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Fontus is a water bottle that makes water from thin air

You’re out having adventures when you run out of water miles from a source. What to do? The Fontus water bottle eliminates the problem, as it makes drinkable water out of air and light.

So how does it work? A small fan draws in air, which is then run through a special filter and pressed into the condensation chambers. Powered by solar energy, a series of small coolers makes the moisture within the air condense. The resulting water then drops into the bottle’s main body and is stored.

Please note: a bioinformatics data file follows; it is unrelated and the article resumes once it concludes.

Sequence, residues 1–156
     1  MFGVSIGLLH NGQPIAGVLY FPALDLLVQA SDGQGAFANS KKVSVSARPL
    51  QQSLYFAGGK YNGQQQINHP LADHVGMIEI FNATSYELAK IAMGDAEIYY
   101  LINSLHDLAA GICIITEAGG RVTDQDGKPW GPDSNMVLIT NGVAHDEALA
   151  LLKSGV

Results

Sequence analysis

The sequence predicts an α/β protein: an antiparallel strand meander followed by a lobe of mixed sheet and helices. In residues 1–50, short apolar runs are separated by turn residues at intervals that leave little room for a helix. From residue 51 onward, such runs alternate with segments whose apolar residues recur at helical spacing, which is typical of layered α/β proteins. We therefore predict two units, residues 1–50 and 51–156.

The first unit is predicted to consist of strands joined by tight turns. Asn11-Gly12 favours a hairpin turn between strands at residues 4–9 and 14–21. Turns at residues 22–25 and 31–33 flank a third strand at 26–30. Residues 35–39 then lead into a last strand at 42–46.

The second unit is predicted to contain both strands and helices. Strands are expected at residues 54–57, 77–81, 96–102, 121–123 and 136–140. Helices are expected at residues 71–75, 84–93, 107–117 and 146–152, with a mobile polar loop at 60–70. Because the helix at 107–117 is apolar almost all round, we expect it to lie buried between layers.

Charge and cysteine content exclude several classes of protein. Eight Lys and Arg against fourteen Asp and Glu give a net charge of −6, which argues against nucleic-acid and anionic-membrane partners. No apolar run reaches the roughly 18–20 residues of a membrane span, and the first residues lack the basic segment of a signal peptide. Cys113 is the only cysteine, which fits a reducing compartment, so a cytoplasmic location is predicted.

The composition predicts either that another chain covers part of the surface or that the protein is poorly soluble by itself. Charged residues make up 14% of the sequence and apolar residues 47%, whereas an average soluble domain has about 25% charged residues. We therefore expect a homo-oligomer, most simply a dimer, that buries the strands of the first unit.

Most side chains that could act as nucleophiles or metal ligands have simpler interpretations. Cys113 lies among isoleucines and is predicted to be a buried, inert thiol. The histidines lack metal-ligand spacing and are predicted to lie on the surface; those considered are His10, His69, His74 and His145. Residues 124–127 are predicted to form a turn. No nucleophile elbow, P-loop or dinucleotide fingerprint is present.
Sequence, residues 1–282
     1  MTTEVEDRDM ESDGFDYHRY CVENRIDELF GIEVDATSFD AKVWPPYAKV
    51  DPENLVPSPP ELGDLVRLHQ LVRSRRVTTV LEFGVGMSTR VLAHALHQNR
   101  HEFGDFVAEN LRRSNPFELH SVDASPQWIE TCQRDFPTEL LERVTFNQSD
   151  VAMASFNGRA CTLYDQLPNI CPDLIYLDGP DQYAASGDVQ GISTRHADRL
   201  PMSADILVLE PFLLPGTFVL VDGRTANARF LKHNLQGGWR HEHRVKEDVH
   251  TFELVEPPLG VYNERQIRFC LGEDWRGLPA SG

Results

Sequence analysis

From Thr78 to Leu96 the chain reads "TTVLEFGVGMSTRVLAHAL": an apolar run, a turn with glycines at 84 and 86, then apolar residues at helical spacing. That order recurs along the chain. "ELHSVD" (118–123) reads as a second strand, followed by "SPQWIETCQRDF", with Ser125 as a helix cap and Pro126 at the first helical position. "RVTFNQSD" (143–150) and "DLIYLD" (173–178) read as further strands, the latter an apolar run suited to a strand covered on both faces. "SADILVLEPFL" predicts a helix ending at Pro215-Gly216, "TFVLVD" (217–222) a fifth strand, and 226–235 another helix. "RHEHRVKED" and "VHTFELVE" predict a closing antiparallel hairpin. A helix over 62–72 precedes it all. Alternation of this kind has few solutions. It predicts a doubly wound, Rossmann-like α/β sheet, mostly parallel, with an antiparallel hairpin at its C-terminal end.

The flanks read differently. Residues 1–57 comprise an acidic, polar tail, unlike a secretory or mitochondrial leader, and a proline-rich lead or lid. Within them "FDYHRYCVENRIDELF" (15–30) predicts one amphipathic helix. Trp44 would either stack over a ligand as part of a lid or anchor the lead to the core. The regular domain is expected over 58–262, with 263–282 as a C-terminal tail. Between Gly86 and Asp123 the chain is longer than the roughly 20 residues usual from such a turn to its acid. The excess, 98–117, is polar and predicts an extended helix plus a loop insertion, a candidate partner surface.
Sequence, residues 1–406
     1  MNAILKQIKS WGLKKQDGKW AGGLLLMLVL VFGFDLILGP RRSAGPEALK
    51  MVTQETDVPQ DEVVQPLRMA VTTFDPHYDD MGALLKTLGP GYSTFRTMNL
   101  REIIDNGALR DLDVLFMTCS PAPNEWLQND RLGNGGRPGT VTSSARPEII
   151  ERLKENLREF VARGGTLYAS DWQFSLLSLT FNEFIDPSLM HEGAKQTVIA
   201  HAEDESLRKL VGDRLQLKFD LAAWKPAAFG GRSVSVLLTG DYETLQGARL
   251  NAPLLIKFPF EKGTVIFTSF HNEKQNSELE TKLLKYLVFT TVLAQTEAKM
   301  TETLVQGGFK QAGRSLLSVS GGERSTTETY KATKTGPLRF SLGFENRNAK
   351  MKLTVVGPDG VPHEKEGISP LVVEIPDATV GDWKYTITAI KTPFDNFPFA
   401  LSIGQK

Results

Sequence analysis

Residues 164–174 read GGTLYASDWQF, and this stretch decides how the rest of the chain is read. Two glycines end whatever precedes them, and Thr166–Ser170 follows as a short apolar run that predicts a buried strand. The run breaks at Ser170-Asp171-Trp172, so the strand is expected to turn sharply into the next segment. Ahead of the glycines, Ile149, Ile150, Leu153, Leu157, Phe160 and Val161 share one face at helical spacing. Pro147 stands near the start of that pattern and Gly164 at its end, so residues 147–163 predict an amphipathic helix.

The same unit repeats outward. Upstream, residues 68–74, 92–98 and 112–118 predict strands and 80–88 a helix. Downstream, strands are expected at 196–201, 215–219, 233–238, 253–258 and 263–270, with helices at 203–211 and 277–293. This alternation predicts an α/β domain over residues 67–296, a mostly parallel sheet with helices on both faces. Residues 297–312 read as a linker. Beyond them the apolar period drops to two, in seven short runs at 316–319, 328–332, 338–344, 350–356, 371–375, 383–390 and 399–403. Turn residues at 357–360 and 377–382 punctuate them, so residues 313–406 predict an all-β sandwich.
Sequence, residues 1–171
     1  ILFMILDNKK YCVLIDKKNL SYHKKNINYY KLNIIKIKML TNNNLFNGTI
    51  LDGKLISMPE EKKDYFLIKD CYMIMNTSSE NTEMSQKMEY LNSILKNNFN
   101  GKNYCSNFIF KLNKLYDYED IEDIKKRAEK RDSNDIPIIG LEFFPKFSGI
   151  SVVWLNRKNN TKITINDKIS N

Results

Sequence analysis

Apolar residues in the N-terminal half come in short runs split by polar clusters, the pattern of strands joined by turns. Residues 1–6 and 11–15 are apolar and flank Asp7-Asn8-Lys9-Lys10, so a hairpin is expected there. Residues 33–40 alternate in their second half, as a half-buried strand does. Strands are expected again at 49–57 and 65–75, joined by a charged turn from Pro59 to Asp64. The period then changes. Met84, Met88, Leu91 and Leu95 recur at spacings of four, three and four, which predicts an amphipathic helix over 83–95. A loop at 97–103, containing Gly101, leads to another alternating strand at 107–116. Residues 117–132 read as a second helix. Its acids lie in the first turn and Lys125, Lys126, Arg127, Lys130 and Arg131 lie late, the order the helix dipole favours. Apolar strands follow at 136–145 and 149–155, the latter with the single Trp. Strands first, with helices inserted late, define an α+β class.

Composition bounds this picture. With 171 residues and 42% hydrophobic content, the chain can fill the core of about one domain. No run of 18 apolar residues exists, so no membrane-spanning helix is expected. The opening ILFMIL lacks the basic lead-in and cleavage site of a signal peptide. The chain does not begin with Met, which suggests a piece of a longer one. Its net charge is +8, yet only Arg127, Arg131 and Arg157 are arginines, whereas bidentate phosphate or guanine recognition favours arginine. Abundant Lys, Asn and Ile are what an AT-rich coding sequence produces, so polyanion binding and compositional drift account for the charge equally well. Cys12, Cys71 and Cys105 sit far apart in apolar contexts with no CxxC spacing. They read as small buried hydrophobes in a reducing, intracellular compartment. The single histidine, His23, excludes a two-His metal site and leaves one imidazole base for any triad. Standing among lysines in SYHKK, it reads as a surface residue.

The water is drinkable and completely safe, thanks to capsules that remineralise it.

The bottle comes in two versions. The Fontus Airo is the standard model, while the Fontus Ryde is the version made especially for bikes – it clips onto your bike frame, and has its solar panel on the top, facing the sun.

Instead of a fan, the Ryde uses the air stream you generate while cycling to suck in air.

Read more: Trago: The connected, smart water bottle

Not only could these be useful for adventurers and those exploring the great outdoors, they could also help provide water in the developing world. The only problem is the price.

At the moment, the Fontus Airo costs $200 (£142) on an early bird, which is mighty steep for a water bottle. The Ryde starts at $165 (£117), which is a little cheaper, but not much. It’s smashed its funding goal of $30,000 and still has a month to go. It’ll ship in April next year.

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